She taught me to roll kimbap last week, which is as important to a Korean picnic as the sandwich is to the American. Most Westerners are more familiar with makizushi, or sushi rolls, and kimbap is similar, conceptually, but different. Instead of vinegar, rice for kimbap is seasoned with roasted sesame seed and sesame oil (I’ve read that some people do use vinegar for their kimbap rice, but it isn’t very common). Crabstick, pickled radish, fried egg, cucumber, and ham make up the most popular components. Now, I’m going to go out on a limb here and assume you don’t find that mix particularly mouthwatering? Neither did I until a bitter and blustery night last December. I needed dinner on the go, so I ducked into one of the city’s most beloved kimbap spots, unbeknownst to me, and ordered The Seoul Roll. It was fresh, so it was warm, and I could eat it with my hands as I walked. When a food and a place are so intertwined, you can only love one while resisting the other for so long.

Kimbap is adaptable and approachable once you have the right setup, and it’s especially appropriate now that picnic season’s in full swing. The first thing you need is a package of dried seaweed in big sheets, specifically for rolling kimbap. Look for the photo on the front of the package. All Asian groceries will have it. Note: once the package is open, it needs to be used right away. Gim doesn’t keep.

You could also use a mat like the one below. Supposedly this tool is the difference between loose rolls and tight rolls, but Helen didn’t use one when she taught me, and I have an easier time without it. If you use one, your rolls might be beautiful and tight, but they might be that if you don’t use it, too. Put a piece of plastic wrap between the sheet of gim and the mat if you do (more on the subject further below). Otherwise, a clean, flat surface is great.


Rice. You need it! Sticky, short grain rice. I’ve tried quinoa and brown rice, but white rice works best. Cook it and mix with roasted sesame seeds and a scant teaspoon of sesame oil.


Spoon a layer of rice on the gim, thinly and gently. Spread to the edges and leave an inch of free space at the top.


Add your ingredients one by one. Layer bulkier, heavier components at the bottom, and go for a balance of textures and flavors. Cut long strips of vegetables and other ingredients, or overlap shorter strips like the peppers below.


I like kimchi, and I add it to everything. Like kimbap.


Avocado is not traditional, and neither is lettuce. But fusion can be really fun.



After you’re finished layering your ingredients, brush the top of the gim with water or sesame oil to help the end of the roll stick, and you’re ready. I started to roll with the matt for the photo, but then I got flustered, and I finished rolling without it. There’s a panoply of videos online showing how to make it work. Like here, starting at 1:43.


A sharp knife with a straight blade works best to slice the roll into pieces. A dull or serrated knife will tear the gim, and that, says Helen, is the mark of a poorly rolled kimbap. Mine ripped, and I didn’t cry about it, but a sharp knife definitely helps.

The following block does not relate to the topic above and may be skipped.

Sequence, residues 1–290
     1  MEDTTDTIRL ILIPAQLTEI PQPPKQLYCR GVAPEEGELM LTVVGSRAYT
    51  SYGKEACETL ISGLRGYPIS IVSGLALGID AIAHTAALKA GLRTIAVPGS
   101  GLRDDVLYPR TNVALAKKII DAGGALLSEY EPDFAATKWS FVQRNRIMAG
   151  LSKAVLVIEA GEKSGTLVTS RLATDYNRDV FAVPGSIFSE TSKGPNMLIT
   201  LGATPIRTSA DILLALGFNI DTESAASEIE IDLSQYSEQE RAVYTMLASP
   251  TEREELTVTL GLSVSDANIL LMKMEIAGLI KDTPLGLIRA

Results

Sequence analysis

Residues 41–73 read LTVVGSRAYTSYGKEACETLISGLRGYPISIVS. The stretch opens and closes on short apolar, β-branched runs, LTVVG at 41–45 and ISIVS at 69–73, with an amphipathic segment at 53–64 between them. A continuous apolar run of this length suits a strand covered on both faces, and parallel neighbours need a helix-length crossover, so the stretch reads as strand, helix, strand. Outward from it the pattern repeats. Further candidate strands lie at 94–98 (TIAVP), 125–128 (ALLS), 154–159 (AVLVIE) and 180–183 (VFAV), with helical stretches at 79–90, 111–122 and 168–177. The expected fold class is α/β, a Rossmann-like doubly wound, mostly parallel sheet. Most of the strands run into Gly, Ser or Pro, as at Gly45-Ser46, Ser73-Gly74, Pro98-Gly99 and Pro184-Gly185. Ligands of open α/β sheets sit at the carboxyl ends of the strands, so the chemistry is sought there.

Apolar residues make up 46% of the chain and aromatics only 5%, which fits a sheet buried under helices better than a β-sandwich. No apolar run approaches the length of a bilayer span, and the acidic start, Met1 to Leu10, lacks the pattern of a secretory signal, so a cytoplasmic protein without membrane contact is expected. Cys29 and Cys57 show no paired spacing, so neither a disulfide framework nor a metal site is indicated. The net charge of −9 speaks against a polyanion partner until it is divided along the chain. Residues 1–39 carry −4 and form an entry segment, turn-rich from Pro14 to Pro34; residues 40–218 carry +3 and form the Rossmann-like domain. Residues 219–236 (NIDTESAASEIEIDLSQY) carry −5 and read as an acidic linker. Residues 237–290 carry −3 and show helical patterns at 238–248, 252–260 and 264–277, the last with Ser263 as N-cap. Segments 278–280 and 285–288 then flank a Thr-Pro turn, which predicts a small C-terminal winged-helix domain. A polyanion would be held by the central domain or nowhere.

Brush the top with sesame oil and sprinkle with sesame seeds. Wrap the sliced rolls in foil to transport to a picnic.


Mike and Ashley came over last weekend, and the four of us made a spread of fusion kimbap, like so:

Jambalaya (Mimsie) : sausage, peppers, cajun-spiced tomatoes, rolled with brown rice

Ballpark (Mike) : sausage, mustard, relish, onion

Chicken Salad (Ashley) : chicken, lettuce, mayonnaise, avocado

BLT (me) : bacon, lettuce, tomato, mayonnaise

Health Nut (me) : spinach, radish sprouts, carrots, cucumber, hummus, rolled with quinoa

Kimchi Breakfast: kimchi, cheese, egg

Invite some friends over, deal a deck of gim, and roll to the beat of the South (or whatever you’re listening to these days). Then go on a picnic and sit on the grass in the sun. Now that’s some fusion.

Banana Almond Smoothie

Smoothies don’t make the breakfast docket often around here. I guess it has more to do with an instinctive, totemic belief and less to do with preference: Mainly, that a cold breakfast is not a proper one, especially not on a weekday.

To me, eggs are the most perfect food, but they’re more of a treat these days and less of a given. We had eggs of all denominations as kids, and often. My dad either fried them over-easy or whisked and folded them into omelets. My Aunt K is an expert soft boiler, and her eggs had yolk that pooled over the crust and around the plate after the quick prick of a fork. Heaven. My grandma scrambled. So did my mom, and she’d somehow char bits of cheese in the process for a taste I’ve tried to capture since I was a teenager. I spent my college years hard boiling eggs to oblivion, turning the outer edge of the yolks that unappealing shade of greyish-green. Swamp Water Eggs on Toast! I should patent that.

I forget about smoothies, how easy they are to make, and how good I feel afterward. I’ve yet to find the perfect recipe, but I shall persist. Too often, a smoothie can taste like powdered Flintstone vitamins. Ice makes a smoothie cold and refreshing, but watery. I think a smoothie should be thin enough that you don’t need a straw to drink it – and what’s more irritating than a thick, blockheaded mass of fruit and ice that gets stuck midway up the straw, anyway? If you can remember to stick a few bananas in the freezer before bed, do it. I added almonds for protein, and they didn’t blend completely. That didn’t bother me, but you could blitz them separately if you want. Also! I froze the bananas with the peel on, and had quite the time trying to peel them this morning. Next time I’ll peel them first, then stick them in a plastic bag to freeze. This recipe made enough for one, with a little left at the bottom of the blender (which I tipped upside down to drink, double-handed, in front of an open window). Good morning.

Banana Almond Smoothie

2 small bananas, or 1 big one, frozen

½ cup milk

½ cup plain, unsweetened yogurt